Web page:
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Economy in Brief

U.S. Payrolls Battered by Hurricane Effects; Unemployment Rate Falls While Wages Strengthen
by Tom Moeller  October 6, 2017

The government's jobs numbers will be tough to read for a time as the economy deals with hurricane effects. Nonfarm payrolls declined 33,000 (+1.2% y/y) during September following a 169,000 August increase and a 138,000 July gain. Together these two figures were revised down by 38,000. An 87,000 jobs increase had been expected in the Action Economics Forecast Survey. Last month's employment decline centered in the leisure & hospitality sector where hiring fell 111,000. The unemployment rate declined sharply to 4.2% from 4.4%. An unchanged level had been expected. The overall unemployment rate, including the marginally attached and those working part-time for economic reasons, fell to 8.3%. Average hourly earnings increased 0.45% (2.9% y/y). A 0.3% gain had been expected.

From the payroll employment survey, the 33,000 jobs decline was led by leisure & hospitality, but factory sector jobs also fell by 1,000 (+1.0% y/y), the second decline in three months. Construction sector employment rose a modest 8,000 (2.5% y/y) after a 12,000 monthly average, January through August. Employment in the mining sector improved 2,300 (10.1% y/y), down from earlier increases as strong as 10,500 in February.

Within the decline in leisure & hospitality employment, restaurant jobs fell 104,700 (+1.4% y/y). Slower jobs growth was posted elsewhere. Education & health services rose by a reduced 27,000 (2.1% y/y) after a 45,000 increase which was typical of the increases earlier this year. Professional & business services employment gained just 13,000 (2.6% y/y), off versus the 35,000 to 59,000 monthly pace earlier this year. Showing little effect was the trade, transportation and utility area where employment increased 26,000 (0.3% y/y), the strongest increase since January. Financial activities employment rose 10,000 (1.8% y/y), on a par with the 12,000 monthly average earlier this year. Continuing lower was the number of information services jobs which were off 9,000 (-2.8% y/y), the largest decline since April. Government sector employment increased 7,000 (0.2% y/y), up slightly from its earlier pace. Federal government jobs held steady (-0.1% y/y). State government jobs rose a stable 2,000 (0.1% y/y) and local area employment gained a steady 5,000 (0.3% y/y).

The jump in average hourly earnings was lifted by a 0.7% surge (3.0% y/y) in the construction sector and a 0.5% rise (2.0% y/y) in manufacturing. Private service producing earnings also increased 0.5% (2.9% y/y) as information sector earnings jumped 1.1% (5.2% y/). Also strong was the 0.7% rise (3.3% y/y) in professional & business services. Leisure & hospitality earnings gained 0.4% (3.6% y/y). Education & health service earnings rose a steady 0.2% (2.4% y/y).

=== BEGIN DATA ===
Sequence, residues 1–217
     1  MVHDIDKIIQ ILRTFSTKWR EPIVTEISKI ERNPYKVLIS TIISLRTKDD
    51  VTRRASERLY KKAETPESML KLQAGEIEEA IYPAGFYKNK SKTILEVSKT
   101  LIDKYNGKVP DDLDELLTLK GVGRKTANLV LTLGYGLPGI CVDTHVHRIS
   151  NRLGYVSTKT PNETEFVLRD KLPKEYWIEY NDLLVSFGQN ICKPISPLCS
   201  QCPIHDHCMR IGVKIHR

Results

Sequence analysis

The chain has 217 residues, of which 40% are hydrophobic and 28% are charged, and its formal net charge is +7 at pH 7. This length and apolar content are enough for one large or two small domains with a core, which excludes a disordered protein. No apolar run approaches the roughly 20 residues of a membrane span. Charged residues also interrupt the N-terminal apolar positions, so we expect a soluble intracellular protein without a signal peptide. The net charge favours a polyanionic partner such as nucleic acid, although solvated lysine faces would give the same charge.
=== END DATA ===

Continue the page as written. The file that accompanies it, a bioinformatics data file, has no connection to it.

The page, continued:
The length of the average workweek held steady m/m at 34.4 hours, but that's down from the January 2016 peak of 34.6 hours, where it had been during much of 2015. Private service-producing hours held steady m/m at 33.2 hours, but that was down versus the 2015 average of 33.4. The financial workweek held steady m/m at a reduced 37.5 hours, but the information sector's workweek was improved at 36.3 hours. The education & health services workweek dropped to 32.8 hours from 32.9 averaged last year. The leisure & hospitality workweek was steady m/m at 26.0 hours, down from 26.2 during all of 2015.

From the household employment survey, the decline in the unemployment rate to 4.2% left it at the lowest level since February 2001. Employment rose 0.6% (1.6% y/y). The size of the labor force increased 0.4% (0.8% y/y) versus a 0.1% gain (0.6% y/y) in the size of the population. The labor force participation rate rose to 63.1%, its highest level in four years.

The average duration of unemployment jumped to 26.8 weeks, the highest level since October 2016. The median duration of unemployment fell to 10.3 weeks. The percentage of workers unemployed for 15 weeks or more was 39.7%, but those jobless for 52 weeks or longer was 16.8%.

By educational attainment, the unemployment rate for those with less than a high school diploma was 6.5%, down from 8.4% twelve months earlier. For high school graduates with no college, the rate of 4.3% compared to 5.5% last October. Those with less than a college degree realized 3.6% joblessness compared to 4.2% a year earlier. College graduates were 2.3% unemployed versus last year's high of 2.7%.

The teenage unemployment rate dropped to 12.9% from the 25.9% averaged in 2010. For those aged 20-24 years, the rate rose slightly m/m to 7.5%, but remained below the 2010 average of 15.5%. Individuals aged 25-54 years old were 3.6% unemployed versus the 2010 high of 8.6%. Those over 55 were 3.2% jobless versus 7.0% in 2010.

Promise and Peril: Managing the Uncertainty of Rapid Innovation and a Changing Economy from the Federal Reserve Bank of Chicago can be found here.

The labor market data are contained in Haver's USECON database. Detailed figures are in the EMPL and LABOR databases. The expectations figure is in the AS1REPNA database.

Employment: (SA, M/M Change, 000s) Sep Aug Jul Sep Y/Y 2016 2015 2014
Payroll Employment -33 169 138 1.2% 1.7% 2.1% 1.9%
 Previous -- 156 189 -- -- -- --
 Manufacturing -1 41 -11 1.0 0.1 1.2 1.4
 Construction 8 19 -9 2.5 3.9 5.0 5.0
 Private Service-Producing -49 98 153 1.4 2.1 2.4 2.1
 Government 7 5 5 0.2 0.9 0.7 0.1
Average Weekly Hours - Private Sector 34.4 34.4 34.5 34.4 34.4 34.5 34.5
Private Sector Average Hourly Earnings (%) 0.5 0.2 0.5 2.9 2.6 2.3 2.1
Unemployment Rate (%) 4.2 4.4 4.3 4.9 4.8 5.3 6.2
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